Vitamins, Minerals and Dietary Supplements
What is copper?
Copper is an essential trace element found throughout the body. The liver
and brain contain the largest amounts of copper in the body; other organs
contain smaller amounts.
Why do we need it?
Copper is essential to the absorption and utilization of iron; it also
works with iron in the formation of red blood cells. In addition, copper
is needed to make adenosine triphosphate (ATP), the substance the body's
cells convert into energy.
Several body hormones, as well as collagen (an important constituent
of connective tissue) and tyrosinase (the enzyme that puts pigment into
the skin), require copper in order to be synthesized properly.
How much copper should I take?
According to the National Academy of Sciences, the recommended daily
allowance (RDA) of copper is as follows:
- Adult men: between 1.5-3.0 milligrams/day
- Adult women: between 1.5-3.0 milligrams/day
- Children aged 7-10: between 1-2 milligrams/day
- Infants: between 0.6-0.7 milligrams/day
- Pregnant/lactating women: between 1.5-3.0 milligrams/day
What are some good sources of copper?
Large amounts of copper can be found in seafood, especially oysters and
other shellfish. Nuts, dried legumes, whole grain products, seeds, potatoes,
prunes, chocolate and liver also contain copper. People whose homes have
copper pipes also obtain significant amounts of copper through their drinking
What can happen if I don't get enough copper?
Copper deficiency has been shown to cause anemia and a drop in HDL cholesterol
(the "good" cholesterol). Other symptoms of copper deficiency include
diarrhea and stunted growth; some studies have found that patients with
mental and emotional problems also have low levels of copper.
It should also be noted that a high intake of zinc interferes with copper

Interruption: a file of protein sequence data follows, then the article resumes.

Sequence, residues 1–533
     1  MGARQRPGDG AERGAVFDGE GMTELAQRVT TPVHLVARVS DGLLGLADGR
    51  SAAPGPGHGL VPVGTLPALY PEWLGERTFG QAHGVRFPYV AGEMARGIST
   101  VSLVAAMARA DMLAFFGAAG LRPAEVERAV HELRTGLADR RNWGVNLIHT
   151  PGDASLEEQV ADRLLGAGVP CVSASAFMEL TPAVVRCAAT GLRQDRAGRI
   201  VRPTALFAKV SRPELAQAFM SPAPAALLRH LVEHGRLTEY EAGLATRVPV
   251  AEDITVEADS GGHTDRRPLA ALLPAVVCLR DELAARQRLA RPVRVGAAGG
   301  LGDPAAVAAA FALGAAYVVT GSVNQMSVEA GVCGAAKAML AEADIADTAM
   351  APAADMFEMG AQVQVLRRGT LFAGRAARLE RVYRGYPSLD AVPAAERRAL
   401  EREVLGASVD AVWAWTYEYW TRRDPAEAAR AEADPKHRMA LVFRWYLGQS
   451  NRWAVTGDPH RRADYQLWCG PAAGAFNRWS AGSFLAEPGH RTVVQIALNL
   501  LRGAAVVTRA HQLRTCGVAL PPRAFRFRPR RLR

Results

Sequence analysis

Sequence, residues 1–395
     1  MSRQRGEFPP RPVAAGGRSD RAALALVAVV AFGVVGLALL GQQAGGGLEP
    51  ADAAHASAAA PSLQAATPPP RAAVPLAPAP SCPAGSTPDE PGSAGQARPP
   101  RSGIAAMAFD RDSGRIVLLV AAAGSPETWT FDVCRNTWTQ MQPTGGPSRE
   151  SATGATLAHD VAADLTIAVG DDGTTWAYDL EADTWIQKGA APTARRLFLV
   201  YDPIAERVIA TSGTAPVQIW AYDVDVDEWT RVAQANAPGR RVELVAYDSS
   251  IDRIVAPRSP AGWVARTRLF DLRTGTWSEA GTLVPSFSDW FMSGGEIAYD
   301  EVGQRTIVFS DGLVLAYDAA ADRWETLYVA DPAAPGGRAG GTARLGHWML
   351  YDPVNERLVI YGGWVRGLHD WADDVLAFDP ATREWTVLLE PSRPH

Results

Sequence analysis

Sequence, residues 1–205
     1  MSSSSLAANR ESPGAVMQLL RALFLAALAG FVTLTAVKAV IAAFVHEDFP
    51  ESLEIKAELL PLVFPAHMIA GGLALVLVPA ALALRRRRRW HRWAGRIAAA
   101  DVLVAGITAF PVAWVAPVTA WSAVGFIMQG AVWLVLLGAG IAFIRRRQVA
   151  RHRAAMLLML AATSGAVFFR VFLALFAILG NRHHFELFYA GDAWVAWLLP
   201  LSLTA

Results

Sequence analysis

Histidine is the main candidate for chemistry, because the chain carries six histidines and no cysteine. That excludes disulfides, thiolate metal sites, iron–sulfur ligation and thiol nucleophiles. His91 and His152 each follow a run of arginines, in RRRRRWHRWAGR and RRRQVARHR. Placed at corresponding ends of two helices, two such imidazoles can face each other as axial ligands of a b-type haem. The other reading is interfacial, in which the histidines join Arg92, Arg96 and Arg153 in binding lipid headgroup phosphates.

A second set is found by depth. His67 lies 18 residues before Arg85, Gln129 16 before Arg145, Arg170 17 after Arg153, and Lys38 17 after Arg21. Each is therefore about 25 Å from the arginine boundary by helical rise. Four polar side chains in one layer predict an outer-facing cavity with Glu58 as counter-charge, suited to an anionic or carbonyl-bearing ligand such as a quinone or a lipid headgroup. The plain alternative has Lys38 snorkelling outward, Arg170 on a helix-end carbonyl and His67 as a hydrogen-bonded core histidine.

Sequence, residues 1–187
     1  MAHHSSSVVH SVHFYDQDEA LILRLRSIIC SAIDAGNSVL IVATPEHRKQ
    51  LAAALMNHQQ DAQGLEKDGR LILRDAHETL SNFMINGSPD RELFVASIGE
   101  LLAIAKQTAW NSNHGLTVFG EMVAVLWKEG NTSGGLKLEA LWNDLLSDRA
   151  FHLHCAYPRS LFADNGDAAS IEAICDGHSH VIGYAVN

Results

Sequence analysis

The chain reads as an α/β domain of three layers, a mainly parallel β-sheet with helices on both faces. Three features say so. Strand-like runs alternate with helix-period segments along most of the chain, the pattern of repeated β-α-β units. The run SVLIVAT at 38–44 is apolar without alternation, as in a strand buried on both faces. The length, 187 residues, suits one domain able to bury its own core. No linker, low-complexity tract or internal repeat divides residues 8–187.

absorption. Therefore, it is recommended that people taking zinc supplements
for more than a few weeks should also increase their copper intake (unless
they have Wilsonıs disease, a genetic disorder which causes an excess
buildup of copper in the body).
What can happen if I take too much?
Although small amounts of copper are essential, excess amounts can be
toxic. Too much copper can lead to a variety of conditions, including
hemolytic anemia, emotional problems, behavioral disorders, mood swings,
depression, liver damage, schizophrenia, excema, sickle cell anemia, and
severe damage to the central nervous system. Using oral contraceptives
and smoking (tobacco) may also lead to a rise in the amount of copper
found in the blood and may cause hypertension.
- Recommended Dietary Allowances, 10th ed. Washington,
D.C.: National Academy Press, 1989.
Murray M. Encyclopedia of Nutritional Supplements.
Rocklin, CA: Prima Publishing, 1996.
Sandstead HH. Requirements and toxicity of essential
trace elements, illustrated by zinc and copper. Am J Clin Nutr
Broun ER. Greist A, Tricot G, Hoffman R. Excessive
zinc ingestion. A reversible cause of sideroblastic anemia and bone
marrow depression. JAMA 1990;264:1441-43.
Jacob RA, Skala JH, Omaye ST, Turnlund JR. Effect
of varying ascorbic acid intakes on copper absorption and ceruloplasmin
levels of young men. J Nutr 1987;117:2109-15.